I had been afraid that the Zulu might win a Scientific Victory, but all those German cities helped me get my science up and even scrape ahead of him. As sea levels rose, triggered in no small part by my enormous consumption of coal, my Apostles beat down attempts at restoring any other religions, and then I discovered the late-game power of Rock Bands.
This may be my favorite new mechanic. Some of their promotions are downright broken, such as the one that causes loyalty to drop by 50 points in a city that hosts a concert, or the one that automatically converts a city to my religion. Rock Bands are freaking insane, and finally give us something useful to spend late-game Faith on.
I'm loving this expansion, with one possible exception: the rate of climate change feels a bit too high. Now, admittedly, I wasn't helping, but with a consumption of maybe 12 to 15 Coal per turn (I was starting to switch over my power to oil and hadn't even started on nuclear yet), and the only civ consuming significant fossil fuel resources, I was in Stage IV before we'd even gotten much into the 20th century. One of my cities was built on coastal lowland and lost several tiles to flooding, including a full Archaeological Museum. That hurt. The mechanic feels overtuned.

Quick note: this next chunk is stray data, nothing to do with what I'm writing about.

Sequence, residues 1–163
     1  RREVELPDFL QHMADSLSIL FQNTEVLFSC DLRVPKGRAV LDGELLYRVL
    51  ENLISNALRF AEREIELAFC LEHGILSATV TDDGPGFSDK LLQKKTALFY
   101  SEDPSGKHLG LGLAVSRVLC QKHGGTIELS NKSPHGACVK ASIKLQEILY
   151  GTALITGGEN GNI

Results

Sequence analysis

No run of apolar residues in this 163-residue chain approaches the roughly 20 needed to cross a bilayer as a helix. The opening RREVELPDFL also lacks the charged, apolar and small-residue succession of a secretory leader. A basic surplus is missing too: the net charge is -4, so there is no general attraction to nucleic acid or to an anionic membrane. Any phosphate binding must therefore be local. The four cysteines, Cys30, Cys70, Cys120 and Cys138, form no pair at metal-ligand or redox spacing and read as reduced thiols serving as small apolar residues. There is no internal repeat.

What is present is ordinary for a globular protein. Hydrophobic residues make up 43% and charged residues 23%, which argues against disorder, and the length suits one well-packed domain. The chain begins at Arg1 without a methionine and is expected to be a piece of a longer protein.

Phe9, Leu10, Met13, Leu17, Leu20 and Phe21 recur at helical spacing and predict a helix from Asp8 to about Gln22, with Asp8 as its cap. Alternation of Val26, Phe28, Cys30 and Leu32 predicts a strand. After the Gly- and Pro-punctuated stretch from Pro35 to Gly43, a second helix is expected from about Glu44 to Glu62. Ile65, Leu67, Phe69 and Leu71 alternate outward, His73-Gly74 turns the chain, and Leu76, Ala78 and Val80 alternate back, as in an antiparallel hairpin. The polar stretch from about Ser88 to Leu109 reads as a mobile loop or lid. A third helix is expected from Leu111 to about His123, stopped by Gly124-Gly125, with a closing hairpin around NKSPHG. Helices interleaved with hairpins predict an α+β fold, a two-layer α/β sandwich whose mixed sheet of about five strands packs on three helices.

Edited by Fighteer on Feb 17th 2019 at 10:54:38 AM
The game really made settling to lakes more favorable due to the lack of floods.
I've found something awesome. Apparently, mountain tunnels join any tunnel to any other tunnel in the same mountain range for the same movement cost. It is absolutely hilarious, never mind absurd, to pop a unit into a tunnel and have it pop out twelve tiles away.